Soil testing key in crop bag planting

Nematodes and bacterial wilt are some of the deadliest infections affecting tomatoes, pepper, capsicum and other crops in the solanacea family.

No amount of chemical fumigation can control these soil-borne diseases. Once they attack the crops, nothing can be done to save either the seedlings or the resources that have been spruced up.

In addition to crops rotation, planting bags are helping farmers avoid such losses.

Chris Mutune of Amiran Kenya says famers must, however, test their soils against the various infections and parasites before filling the plastic containers.

“Farm hygiene is key in controlling the spread of many diseases, whether treatable or not. In the cases of soil-borne diseases-which do not have remedy, farmers must collect soils from where a crop affected by a particular infection has not been grown for a while,” he says.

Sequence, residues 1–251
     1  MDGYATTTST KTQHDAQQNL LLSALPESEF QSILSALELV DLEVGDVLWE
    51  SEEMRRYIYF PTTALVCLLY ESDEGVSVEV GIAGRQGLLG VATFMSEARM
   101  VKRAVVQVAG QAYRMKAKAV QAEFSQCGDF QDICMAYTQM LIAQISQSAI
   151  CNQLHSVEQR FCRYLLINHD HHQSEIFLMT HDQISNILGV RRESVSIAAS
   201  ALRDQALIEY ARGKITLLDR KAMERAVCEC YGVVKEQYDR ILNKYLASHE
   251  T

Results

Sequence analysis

Knowing that solanacea family has not been grown in a particular place for years does not shield a farmer. Confirming that the soil is actually safe for use is the first step to successful use of bags, Mutune says.

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Other crops in the solanacea family include, sweet and Irish potatoes, eggplant, among others.

Amiran runs learning lessons for interested, who yearn to know how to do the tests on their own before packing soils into planting bags.

The bags are available in most agrovets, with Amiran Kenya selling theirs at Sh25 each.